Alex McIntosh of the Centre for Sustainable Fashion in London provides a manifesto that should be part of everyone’s buying psyche.
This article originally appeared in Blue & Green Tomorrow’s Guide to Sustainable Spending 2013.
At the Centre for Sustainable Fashion, it’s never our intention to be worthy or preachy but we do see our role as provocateurs, challenging the status quo. Fashion moves so fast that sometimes it’s difficult to stop and take stock, there’s always a new trend, a new face, a new shop but let’s face it, in our hearts we all know that at least 50% of what we buy reflects little more than an unbridled desire to consume.
It’s not that every fashion choice has to be agonised over; it’s just that the unquestioned purchase is often the disappointing purchase. An impulsive buy can on occasion be wonderful but more often than not it seems to fit less well or look less good once it’s out of the changing room.
Suffice to say fashion gluttony creates an ever more insatiable appetite, one that cannot be satisfied. Considered and compassionate consumption should be the only trend we are following in 2014 and it is our firm belief that choosing better will make you feel better.
There is no getting away from the fact that sustainability has the capacity to scramble the mind; it can feel like a set of ever changing rules and restrictions, shifting sands that can leave you longing for the safety and security of the high street.
Just remember, confusion is an inevitable part of reflection and reflection is the route to active and informed choices; whilst it may sometimes feel easier to put the blinkers on and keep going as is, as Socrates once said, “The unexamined life is not worth living.”
So in order to help you choose well, we’ve put together a short ‘manifesto’; not an exhaustive set of rules or an overblown design for life, but simply questions and considerations that sum up some of the personal and global issues that you might want to consider before you hand over the credit card.
On the whole, the fashion industry doesn’t want to give you the space to be inquisitive or to actively engage your imagination; it wants to keep you on the buying treadmill, breathless with no time to ask why.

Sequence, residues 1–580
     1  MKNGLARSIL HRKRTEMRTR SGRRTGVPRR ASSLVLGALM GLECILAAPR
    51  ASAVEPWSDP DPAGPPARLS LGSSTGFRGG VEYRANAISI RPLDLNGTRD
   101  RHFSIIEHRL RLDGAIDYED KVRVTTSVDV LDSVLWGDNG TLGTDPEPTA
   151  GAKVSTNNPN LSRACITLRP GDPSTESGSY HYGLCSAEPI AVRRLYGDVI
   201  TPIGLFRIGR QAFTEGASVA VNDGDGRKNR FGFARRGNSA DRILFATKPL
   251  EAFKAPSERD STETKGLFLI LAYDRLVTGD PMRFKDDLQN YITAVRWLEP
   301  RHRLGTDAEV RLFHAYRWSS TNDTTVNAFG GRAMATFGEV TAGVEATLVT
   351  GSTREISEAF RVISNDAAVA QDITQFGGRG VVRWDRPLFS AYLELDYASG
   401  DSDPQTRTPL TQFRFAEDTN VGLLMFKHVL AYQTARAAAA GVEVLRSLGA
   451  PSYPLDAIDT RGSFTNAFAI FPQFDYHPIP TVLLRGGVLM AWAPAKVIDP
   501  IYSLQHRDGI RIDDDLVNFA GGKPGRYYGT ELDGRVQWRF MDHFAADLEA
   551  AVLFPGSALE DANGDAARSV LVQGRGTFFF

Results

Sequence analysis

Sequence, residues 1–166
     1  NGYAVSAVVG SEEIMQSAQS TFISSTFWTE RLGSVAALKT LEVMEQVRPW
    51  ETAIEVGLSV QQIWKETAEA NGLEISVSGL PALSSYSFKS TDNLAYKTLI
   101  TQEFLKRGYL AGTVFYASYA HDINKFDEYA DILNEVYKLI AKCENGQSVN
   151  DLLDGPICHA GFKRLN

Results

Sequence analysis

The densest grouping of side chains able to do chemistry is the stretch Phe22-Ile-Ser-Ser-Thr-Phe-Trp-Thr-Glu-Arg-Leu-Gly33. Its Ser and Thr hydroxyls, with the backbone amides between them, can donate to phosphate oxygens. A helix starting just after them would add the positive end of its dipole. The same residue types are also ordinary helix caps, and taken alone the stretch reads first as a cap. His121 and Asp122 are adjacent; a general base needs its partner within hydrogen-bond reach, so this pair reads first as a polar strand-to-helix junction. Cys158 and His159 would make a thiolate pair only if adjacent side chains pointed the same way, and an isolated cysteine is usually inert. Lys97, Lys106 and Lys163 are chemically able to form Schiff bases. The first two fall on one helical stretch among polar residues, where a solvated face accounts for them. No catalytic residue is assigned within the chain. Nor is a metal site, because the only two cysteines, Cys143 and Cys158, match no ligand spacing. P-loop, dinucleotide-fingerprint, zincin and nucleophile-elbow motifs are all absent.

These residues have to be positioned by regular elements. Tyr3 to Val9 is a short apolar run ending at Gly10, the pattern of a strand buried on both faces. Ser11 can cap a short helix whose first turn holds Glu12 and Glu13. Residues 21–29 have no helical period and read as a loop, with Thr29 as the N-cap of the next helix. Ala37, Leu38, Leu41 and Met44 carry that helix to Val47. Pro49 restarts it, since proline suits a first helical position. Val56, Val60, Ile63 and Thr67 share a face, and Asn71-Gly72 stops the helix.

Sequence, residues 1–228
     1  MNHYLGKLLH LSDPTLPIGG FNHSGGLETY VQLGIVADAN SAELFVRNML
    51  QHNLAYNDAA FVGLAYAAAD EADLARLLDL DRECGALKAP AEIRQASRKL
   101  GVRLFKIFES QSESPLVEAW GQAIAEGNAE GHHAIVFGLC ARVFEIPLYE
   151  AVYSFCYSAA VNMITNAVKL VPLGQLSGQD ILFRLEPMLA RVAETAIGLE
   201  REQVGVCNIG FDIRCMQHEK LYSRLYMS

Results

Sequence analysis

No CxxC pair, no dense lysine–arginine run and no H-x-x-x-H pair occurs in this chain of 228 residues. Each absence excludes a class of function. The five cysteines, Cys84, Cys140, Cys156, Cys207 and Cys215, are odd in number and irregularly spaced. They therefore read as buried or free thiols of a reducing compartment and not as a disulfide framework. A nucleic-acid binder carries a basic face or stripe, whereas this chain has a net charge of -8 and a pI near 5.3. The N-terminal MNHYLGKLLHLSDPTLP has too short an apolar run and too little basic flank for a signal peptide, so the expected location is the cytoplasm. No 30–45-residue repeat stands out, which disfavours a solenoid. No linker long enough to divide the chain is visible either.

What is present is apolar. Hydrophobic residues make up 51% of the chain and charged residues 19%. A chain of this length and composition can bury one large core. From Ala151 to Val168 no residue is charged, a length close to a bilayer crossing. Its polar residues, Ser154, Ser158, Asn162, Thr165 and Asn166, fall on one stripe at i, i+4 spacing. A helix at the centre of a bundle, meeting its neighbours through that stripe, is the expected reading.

We always want you to ask why and not just why, also where, who and how. So here are some of the whys, wheres and hows that should be part of everyone’s buying psyche.
– Do you ever question the people from whom you’re purchasing? Wouldn’t you expect them to know where the things they’re selling came from and how they were made? Start asking and people will have to start answering
– Look at your clothes. Hundreds of people’s lives and livelihoods are contained in every garment; the farmer, the spinner, the weaver, the knitter, the dyer, the printer, the seamstress, and the list goes on. Would you want to share their lives or survive on their livelihoods?
– What do you value: quality, detail, heritage, performance, durability, uniqueness, flamboyance, frivolity? Take the time to seek out designers and brands whose work aligns with your sensibilities and support them
– Here’s an irony: whilst millions of clothes are discarded each day, the fashion industry expends vast amounts of energy and resources on making new things look old. How about this: if you want something that looks worn, buy something worn, there’s plenty to choose from! If you want something ‘new’ buy something new and wear it in yourself
– Acquiring something ‘new’ should be a mutual commitment; the seller/giver should be promising you the best experience possible and you should promise to live that experience to the full. Look at what you own: has everything been lived in to the full? If not, why not?
– Too much stuff just clutters up your life and overwhelms your head. Have a physical and emotional clearout, not so you can buy more but so you can see what you have and what you really care about
– Ask yourself why certain things are precious to you. Is it because the thing itself is particularly beautiful or functional? Is it because of the time or place you were in or the person you were with when you were given/bought it? Understanding why you treasure the things you do might help you to choose and use with more care
– Be part of a new fashion tribe, one that respects balance as well as excess; one that acknowledges collective responsibility alongside individual freedom and one that seeks out and celebrates fashion that truly challenges the status quo
Alex McIntosh is business and research manager at the Centre for Sustainable Fashion at London College of Fashion. Image by Sean Michael.
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